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Much of the plot of "Curb Your Enthusiasm" deals with Larry David's humorous struggles with money.
John P. Johnson/HBO

"Curb Your Enthusiasm" fans were feeling pretty, pretty good Tuesday afternoon when the network announced that the hit HBO series, created by and starring Larry David, would return for a ninth season after a five-year hiatus.

The show, created by and starring "Seinfeld" co-creator Larry David, features David playing an a over-the-top version of himself, a self-involved curmudgeon with an uncanny knack for pointing out—and sometimes demonstrating—society's most annoying foibles. Many of them, naturally, deal with the ways Larry and his friends act when it comes to money, from tipping to splitting the check at restaurants to paying back personal debts.

Money definitely wouldn't advise you start fights with your friends over the same petty financial issues that Larry finds objectionable. Still, the personal finance mishaps in "Curb" are undeniably the stuff of high comedy. As we begin to get excited about the show's ninth season, here's a look back at some funniest money moments from "Curb Your Enthusiasm":

1. "The Terrorist Attack," Season 3, Episode 5

Larry begins to dread dinner dates with friends Stu and Susan Braudy when it becomes clear that Stu makes a beeline for the restroom each time the check is about to arrive—leaving Larry stuck with the bill. Larry wouldn't be Larry if he didn't call out Stu's blatant check-dodging, which his friend of course vehemently denies. Larry, however, doesn't buy it, insisting, "I invented that bathroom trick!" In a rare victory for Larry, in a later episode, the plot begins with Stu acknowledging his prior wrongdoing and picking up the check during a dinner outing.

2. "The Ida Funkhouser Roadside Memorial," Season 6, Episode 3

This episode starts out with news of the passing of Ida Funkhouser, the mother of Larry's friend Marty. Naturally, Larry's foremost concern when he hears the tragic news is that it will cause Marty to forget that he owes Larry $50. However, he's surprised when, the next time he encounters Marty, his friend remembers his debt—by handing him a sweaty $50 bill pulled from his shoe. The rest of the show documents Larry's fruitless efforts to rid himself of the $50, when every vendor from the florist to the perfume store is disgusted by the soggy bill and refuses to accept it.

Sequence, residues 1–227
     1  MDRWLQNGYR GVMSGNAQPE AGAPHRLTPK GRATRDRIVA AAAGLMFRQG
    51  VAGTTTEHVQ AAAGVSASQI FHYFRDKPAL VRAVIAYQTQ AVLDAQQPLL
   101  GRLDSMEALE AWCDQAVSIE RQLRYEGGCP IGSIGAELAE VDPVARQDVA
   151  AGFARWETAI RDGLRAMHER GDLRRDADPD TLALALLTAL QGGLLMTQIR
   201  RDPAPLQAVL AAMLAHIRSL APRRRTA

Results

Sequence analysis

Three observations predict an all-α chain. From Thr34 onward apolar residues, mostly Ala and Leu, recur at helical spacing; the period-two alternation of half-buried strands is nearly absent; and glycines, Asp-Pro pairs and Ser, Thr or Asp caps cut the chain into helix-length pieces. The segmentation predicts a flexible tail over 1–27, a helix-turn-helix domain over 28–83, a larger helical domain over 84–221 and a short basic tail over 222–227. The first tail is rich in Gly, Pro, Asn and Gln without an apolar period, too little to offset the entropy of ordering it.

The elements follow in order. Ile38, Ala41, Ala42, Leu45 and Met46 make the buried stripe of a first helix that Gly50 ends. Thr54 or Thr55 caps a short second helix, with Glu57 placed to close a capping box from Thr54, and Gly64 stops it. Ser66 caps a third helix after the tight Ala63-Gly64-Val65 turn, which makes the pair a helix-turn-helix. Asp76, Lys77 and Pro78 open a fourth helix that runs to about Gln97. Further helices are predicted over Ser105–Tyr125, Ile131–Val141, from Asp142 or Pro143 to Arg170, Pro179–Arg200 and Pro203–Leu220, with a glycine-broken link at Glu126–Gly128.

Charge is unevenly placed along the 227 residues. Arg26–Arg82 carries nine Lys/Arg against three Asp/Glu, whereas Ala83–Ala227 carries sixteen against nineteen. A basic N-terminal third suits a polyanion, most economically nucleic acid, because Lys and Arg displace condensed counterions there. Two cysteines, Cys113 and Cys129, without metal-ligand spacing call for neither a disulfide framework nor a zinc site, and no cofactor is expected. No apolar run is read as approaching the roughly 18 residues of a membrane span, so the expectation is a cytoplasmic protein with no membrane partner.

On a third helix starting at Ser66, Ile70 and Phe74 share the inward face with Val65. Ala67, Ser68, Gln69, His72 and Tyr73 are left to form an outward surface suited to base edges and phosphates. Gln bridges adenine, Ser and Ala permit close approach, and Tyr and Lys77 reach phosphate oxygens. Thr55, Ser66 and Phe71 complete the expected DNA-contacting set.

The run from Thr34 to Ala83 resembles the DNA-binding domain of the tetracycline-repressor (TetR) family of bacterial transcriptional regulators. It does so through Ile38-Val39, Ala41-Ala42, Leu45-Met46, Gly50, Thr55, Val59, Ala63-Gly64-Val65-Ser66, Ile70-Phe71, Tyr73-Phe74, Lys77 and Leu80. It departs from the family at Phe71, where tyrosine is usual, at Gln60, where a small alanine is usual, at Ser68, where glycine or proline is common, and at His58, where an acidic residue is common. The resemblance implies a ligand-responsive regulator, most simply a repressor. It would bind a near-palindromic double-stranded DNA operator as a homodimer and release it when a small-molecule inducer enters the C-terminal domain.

3. "The Reunion," Season 7, Episode 3

While splitting the check after lunch with actor Jason Alexander (who played George on "Seinfeld"), Larry suggests that the two coordinate their tips, or leave the same amount so "one of us doesn't look like an idiot." To Larry's chagrin, Jason refuses to divulge how much he intends to leave the server. The next time Larry visits the restaurant, he presses the waiter who served them to share how much Jason left—and is horrified when he finds out that his friend's tip was much "healthier" than the $12 Larry left.

4. "Opening Night," Season 4, Episode 10

Tipping is a predominant theme throughout "Curb," as Larry, a millionaire from his "Seinfeld" success, ironically agonizes over whether to leave minimum-wage employees $5 or $10 gratuities. In "Opening Night," Larry arrives at the Plaza Hotel in New York to begin a Broadway stint in Mel Brooks' "The Producers." His trip is rife with tipping missteps, which Larry works hard to rectify. For instance, Larry angers the hotel's electrician when he doesn't tip him after he worked on an air conditioning unit in his room. The electrician ultimately takes home a better prize, when a guilty Larry repays him with a ticket to the opening night of "The Producers." Meanwhile, an overly solicitous bellhop is skeptical when Larry is out of small bills and promises to tip him later. (To his credit, Larry later does so.)

5. "Car Salesman," Season 2, Episode 1

To the surprise of his friends and family, Larry decides he wants to try his hand at an everyman career: car salesman. Less surprisingly, his endeavor proves a flop. On his first day, Larry makes an awkward mess of peddling Priuses and returns home defeated, having sold no cars. Later, he's fired from his job when his friend Richard Lewis visits him at the dealership and the two start a physical altercation. After his failed stint at the dealership, Larry returns to the world to which he's far better suited: writing hilarious TV scripts.

6. "The Grand Opening," Season 3, Episode 10

A recurring plot line in season 3 is Larry's role as an investor in a swanky restaurant with Ted Danson and Michael York. His business venture comes to a head in the season finale, when Larry's obnoxious behavior jeopardizes the eatery's future. First, he picks a fight with the restaurant's chef and fires him. Then, in a heated dodgeball game, he breaks the thumbs of the restaurant critic slated to review the restaurant. Matters get worse when Larry hires a replacement chef to work the open-kitchen restaurant: The man has Tourette's syndrome and a tendency to randomly shout obscenities.